You Are What You “Eat”

The events of the week here in Colorado Springs have been traumatic for a lot of people. The impact on the area will be felt for quite a long time. Of these things there is no doubt.

Having spent the last few days OUT of the area though I think I have experienced some immediate, tangible evidence of what we probably all already know. Our daily attitude can be, and for many IS, drastically shaped by the media we ingest.

Between our social media connections, email, texts, 24 hour news channels, tweets, grams, pins and pokes we’re bombarded by information and if we don’t turn it off from time to time it works like a hammer and chisel slowly shaping us into some sculpted form we may or may not have chose on our own.

Being in Southern California the last couple days took me out of the direct of influence of media about the fires here in Colorado.  Sure, CA has it’s own problems, but I was on a limited diet of media due to my schedule.

The mood that had pervasively taken over my psyche while I was here at home was decidedly lifted, even though circumstances at home hadn’t changed, my perspective was given a moments rest from the constant barrage of images and messages and I began to emerge from the funk I had been in.

As I watch our nation become more or more polarized around issues of politics, religion, and money I wonder if the constant hum of media in the background isn’t largely responsible. After all isn’t it the job of every new producer to turn molehills into mountains?

I’d like to suggest three practices, habits I’m going to try to build for myself, that I believe will help us take a few steps back from the brink that is eroding at our feet through constant media bombardment.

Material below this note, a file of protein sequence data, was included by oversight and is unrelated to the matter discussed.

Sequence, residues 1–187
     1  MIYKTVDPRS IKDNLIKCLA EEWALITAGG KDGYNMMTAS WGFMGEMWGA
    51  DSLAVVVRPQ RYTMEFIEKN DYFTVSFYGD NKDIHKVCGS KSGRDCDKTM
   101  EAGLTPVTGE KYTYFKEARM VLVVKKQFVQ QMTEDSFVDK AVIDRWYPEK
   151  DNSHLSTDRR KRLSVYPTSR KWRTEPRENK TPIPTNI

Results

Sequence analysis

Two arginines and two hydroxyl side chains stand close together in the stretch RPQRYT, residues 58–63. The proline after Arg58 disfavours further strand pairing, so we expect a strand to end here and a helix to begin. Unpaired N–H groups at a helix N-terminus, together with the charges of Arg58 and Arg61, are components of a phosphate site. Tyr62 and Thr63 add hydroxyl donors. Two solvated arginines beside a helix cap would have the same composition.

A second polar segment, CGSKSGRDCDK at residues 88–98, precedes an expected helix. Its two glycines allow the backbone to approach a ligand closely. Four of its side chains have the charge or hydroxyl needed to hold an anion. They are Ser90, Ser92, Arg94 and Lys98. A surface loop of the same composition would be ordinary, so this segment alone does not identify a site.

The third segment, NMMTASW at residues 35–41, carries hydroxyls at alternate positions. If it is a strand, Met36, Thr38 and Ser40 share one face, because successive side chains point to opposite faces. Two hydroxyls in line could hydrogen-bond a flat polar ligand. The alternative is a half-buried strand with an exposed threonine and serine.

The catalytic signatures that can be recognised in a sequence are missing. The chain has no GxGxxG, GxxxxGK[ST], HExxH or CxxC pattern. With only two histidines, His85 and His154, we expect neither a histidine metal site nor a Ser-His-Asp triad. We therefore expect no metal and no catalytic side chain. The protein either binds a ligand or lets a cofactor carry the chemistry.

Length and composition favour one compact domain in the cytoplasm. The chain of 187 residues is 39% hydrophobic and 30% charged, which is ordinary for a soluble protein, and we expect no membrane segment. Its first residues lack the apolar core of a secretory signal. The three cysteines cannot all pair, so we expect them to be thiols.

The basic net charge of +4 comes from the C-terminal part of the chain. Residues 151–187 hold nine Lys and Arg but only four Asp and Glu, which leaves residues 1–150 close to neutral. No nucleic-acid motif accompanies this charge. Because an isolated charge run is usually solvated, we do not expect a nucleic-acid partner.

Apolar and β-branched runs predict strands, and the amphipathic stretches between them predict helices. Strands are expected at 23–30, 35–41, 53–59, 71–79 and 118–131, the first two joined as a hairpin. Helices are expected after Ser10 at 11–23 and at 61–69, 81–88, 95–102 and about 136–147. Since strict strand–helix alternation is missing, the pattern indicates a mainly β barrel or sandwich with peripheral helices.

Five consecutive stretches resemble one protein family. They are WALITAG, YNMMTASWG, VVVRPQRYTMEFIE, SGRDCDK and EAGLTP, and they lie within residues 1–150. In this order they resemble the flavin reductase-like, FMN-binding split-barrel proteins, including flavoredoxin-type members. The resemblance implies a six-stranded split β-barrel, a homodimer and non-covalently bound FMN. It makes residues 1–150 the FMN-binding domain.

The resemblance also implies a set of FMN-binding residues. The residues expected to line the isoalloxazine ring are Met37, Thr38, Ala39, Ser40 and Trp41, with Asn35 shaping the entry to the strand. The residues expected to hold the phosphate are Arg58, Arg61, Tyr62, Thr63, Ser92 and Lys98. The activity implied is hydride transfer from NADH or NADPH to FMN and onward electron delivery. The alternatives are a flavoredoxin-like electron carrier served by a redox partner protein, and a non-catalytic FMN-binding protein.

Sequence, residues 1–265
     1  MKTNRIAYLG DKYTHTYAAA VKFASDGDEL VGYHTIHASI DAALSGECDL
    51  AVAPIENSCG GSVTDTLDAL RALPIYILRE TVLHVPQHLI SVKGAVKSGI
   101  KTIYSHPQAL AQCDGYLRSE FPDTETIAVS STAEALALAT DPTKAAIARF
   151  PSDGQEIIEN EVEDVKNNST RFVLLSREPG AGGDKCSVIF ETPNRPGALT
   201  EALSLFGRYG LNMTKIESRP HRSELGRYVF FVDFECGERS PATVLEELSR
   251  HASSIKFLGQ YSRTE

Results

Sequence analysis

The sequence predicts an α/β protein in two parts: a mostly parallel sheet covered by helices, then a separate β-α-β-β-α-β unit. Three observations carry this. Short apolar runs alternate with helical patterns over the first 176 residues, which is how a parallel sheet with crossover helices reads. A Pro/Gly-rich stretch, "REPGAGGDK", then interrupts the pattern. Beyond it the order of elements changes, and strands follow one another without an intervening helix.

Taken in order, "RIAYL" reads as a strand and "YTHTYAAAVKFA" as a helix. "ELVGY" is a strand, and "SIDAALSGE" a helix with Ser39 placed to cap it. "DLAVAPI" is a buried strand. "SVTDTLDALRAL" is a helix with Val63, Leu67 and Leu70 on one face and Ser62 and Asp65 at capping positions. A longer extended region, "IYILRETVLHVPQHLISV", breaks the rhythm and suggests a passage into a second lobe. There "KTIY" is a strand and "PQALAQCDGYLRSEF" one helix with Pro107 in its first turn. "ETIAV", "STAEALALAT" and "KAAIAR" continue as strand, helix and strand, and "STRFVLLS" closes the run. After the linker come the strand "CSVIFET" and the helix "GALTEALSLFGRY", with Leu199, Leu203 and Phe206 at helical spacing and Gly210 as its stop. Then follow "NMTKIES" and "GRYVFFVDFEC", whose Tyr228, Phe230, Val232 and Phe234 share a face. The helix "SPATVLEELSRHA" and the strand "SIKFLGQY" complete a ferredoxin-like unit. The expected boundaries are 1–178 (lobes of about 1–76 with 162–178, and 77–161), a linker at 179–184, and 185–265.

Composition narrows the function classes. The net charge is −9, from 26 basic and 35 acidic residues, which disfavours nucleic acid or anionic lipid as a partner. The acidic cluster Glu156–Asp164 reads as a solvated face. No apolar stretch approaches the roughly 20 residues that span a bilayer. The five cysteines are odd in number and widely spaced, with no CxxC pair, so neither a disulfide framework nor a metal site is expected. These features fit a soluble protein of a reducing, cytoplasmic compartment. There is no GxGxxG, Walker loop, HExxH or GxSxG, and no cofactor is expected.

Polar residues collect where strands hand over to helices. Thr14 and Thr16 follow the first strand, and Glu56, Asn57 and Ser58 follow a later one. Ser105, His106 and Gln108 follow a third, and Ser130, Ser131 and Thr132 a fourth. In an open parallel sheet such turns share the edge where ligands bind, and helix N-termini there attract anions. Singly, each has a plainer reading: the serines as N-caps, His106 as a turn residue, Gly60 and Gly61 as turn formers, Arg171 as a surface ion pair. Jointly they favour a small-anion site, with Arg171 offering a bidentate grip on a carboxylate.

1. Disconnect from media inputs
Easy to say, harder to do. In this case though I don’t mean some sort of media fast for a few days. I mean regular scheduled intervals during the day where you just disconnect from media input for a minimum of three hours.

I choose that amount of time because I find that if I take a 3 hour flight somewhere my brain starts to think creatively on issues OTHER than what I’ve been hit with in media. It also cracks me up how fast people dive for their cell phones when a 3 hour flight hits the tarmac.

2. Develop a hobby
Yeah, sounds trite I know. What I strongly believe though is that when we engage in acts of creativity we turn on different parts of our brain. Rather than just analyzing information, chewing media stories down to the grisly bone, thumping away with the analytical side of our brains we need to engage the rest.

Developing a hobby that results in something tangible, a picture, a song, a poem, a cross-stitch, a doodle, a wood carving of a toothpick…leaves you with a reminder of the creative process. Sure, hobbies like running, biking, hiking etc are good but I’m after something that leaves me with that tangible evidence, that shareable fruit of my labors.

3. Dialogue with someone
This doesn’t mean argue and it doesn’t mean commiserate it means honest discussion about topics that interest you. Dialoguing broadens our perspective and opens up the possibility for new points of view. It also build relational bridges, far too many of which are being burned daily from what I can tell.

I really believe this combination can work as a prescription for changing moods and finding some relief from media created stress. I’ve gotten somewhat regular at 1 and 2 above. I need to practice 3 more often…any takers?

How much do you think media inputs effect your daily mood?

P.S.
Thanks to all those who’ve been praying for Colorado. The last few days have brought some stability, we’ll see how we go from here.

 

3 responses to “You Are What You “Eat”

  1. My husband and I deliberately limit the media we take in, me more so than him. Drags me down way too easily. Definitely need to work on #3 more, though I have improved recently in that area. I do find that having someone to talk with is a bit of a struggle. People just don’t seem able to make the time for the most part. My heart goes out to everyone affected by the wildfires in CO. We have vacationed there close to a dozen times and have saif more than once that CO would be where we would live if we could.

  2. Great advice Curtis. My media consumption has a major impact on my daily mood. I find myself having major swings when I consume certain types of media. I’ve been working on controlling what I take in and how I view things.

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